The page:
At Hi5 Electronics we are always keen to keep abreast of any new developments in the electronics sphere.
After all, we are working in what is undoubtedly an incredibly fast-moving sector, and if you don’t keep up you risk missing out on important innovations that might be valuable to our own business here in the north of England, and our long-standing experience with printed circuit board design and manufacture.
It was therefore with considerable interest that we read about recent research taking place at Hokkaido University in Japan. Of course, Japan has been an incredibly important innovator and developer of electronics, particularly in the second half of the twentieth century – and indeed into this current century – so this new innovation was followed particularly closely.
This research work revolves around a relatively new, but already burgeoning, branch of electronics known as nanotechnology, working at the very minute, micro end of the electronics sphere. The area concerned is called “single-molecule electronics” and as the name suggests, you would be hard-pressed to find a more precise area of electronic innovation as single molecule electronics works with individual molecules and uses them as components in electronic devices.
Essentially, the researchers from Hokkaido University developed a computational method, predicting how these molecules – forming into benzene clusters – will behave over time, and how they will then interact with one other. The methodology of these researchers was to blend two distinct approaches used previously for molecular dynamic, and quantum chemical, calculations.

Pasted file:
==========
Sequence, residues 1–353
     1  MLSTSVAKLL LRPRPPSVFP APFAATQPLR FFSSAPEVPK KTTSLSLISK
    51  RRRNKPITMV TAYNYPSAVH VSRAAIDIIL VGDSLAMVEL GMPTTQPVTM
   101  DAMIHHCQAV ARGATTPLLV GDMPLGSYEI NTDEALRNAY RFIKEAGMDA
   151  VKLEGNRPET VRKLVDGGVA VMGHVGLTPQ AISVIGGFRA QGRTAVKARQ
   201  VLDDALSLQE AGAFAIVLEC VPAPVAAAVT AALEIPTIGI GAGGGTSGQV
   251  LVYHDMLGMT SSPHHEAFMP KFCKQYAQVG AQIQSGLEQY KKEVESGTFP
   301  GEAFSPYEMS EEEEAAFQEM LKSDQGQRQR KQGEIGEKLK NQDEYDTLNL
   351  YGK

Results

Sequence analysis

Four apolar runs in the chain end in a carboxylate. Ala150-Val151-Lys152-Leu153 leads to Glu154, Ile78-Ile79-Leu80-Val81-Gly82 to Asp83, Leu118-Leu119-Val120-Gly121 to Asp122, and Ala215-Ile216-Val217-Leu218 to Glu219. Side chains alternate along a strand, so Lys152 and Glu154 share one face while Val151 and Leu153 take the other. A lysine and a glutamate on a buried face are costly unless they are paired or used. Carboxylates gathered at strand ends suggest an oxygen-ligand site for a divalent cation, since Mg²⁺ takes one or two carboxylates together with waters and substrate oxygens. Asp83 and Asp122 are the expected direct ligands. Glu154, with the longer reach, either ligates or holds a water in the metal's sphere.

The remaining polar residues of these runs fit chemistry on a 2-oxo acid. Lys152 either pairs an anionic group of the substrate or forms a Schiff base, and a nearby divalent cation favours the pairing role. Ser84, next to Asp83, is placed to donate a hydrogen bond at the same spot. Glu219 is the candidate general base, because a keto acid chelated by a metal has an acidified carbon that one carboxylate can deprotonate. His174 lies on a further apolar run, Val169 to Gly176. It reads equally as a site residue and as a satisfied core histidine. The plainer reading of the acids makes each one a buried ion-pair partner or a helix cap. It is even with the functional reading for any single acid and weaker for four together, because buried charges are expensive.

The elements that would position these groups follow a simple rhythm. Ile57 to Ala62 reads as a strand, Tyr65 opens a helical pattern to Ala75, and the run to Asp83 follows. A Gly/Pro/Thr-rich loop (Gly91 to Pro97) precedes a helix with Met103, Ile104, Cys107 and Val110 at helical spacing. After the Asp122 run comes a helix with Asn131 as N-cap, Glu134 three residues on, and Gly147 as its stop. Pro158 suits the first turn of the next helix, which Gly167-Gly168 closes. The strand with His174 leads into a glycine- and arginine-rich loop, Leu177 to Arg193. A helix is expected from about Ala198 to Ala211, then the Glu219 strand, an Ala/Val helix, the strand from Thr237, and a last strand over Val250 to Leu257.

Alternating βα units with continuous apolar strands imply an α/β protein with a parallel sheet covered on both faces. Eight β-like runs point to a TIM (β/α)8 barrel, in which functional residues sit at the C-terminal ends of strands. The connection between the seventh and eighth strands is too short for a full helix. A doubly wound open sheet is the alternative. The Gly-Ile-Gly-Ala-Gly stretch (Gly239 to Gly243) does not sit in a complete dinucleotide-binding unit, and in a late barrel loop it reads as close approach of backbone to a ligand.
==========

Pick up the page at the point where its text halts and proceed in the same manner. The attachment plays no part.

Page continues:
Using a computer simulation, the found that when light is applied to the benzene cluster, the cluster automatically reforms from a T-shape cluster into a “single stack”. This process is called pi-stacking. This reformation is also reversible, so that the stack could then be transformed from a single stack back into a T-shape, and then back and forth. Further, this reorganisation also alters the electrical conductivity of the stack, so that the move from one shape to the next, in effect, switches from “on” to “off” modes, almost like a light-switch. Finally, while previous research evidenced that adding just a single molecule of water to a “single molecule” electronic device will adversely affect its performance, this new research was able to prove that the addition of one molecule of water can also cause the shapeshift to happen much faster.
The outcome and further impact of this new computational method is far-reaching and could potentially lead to an entirely new field of electronics considering the types, and combinations, of benzene molecules. This method might be used, for instance, in a computer-simulated cluster of benzene molecules to predict, over time, the changes that might take place. Further, it might expedite the evolution of a new generation of ultra-small electronic devices, constructed from these clusters of benzene molecules.
So, tiny molecules but major impact. These researchers may well be ushering in an entirely new field of science: cluster molecular electronics. As with many innovations, this has come from Japan but might have wide-ranging and global consequences for future electronics. Exciting times, and developments we are keen to track, here at Hi5.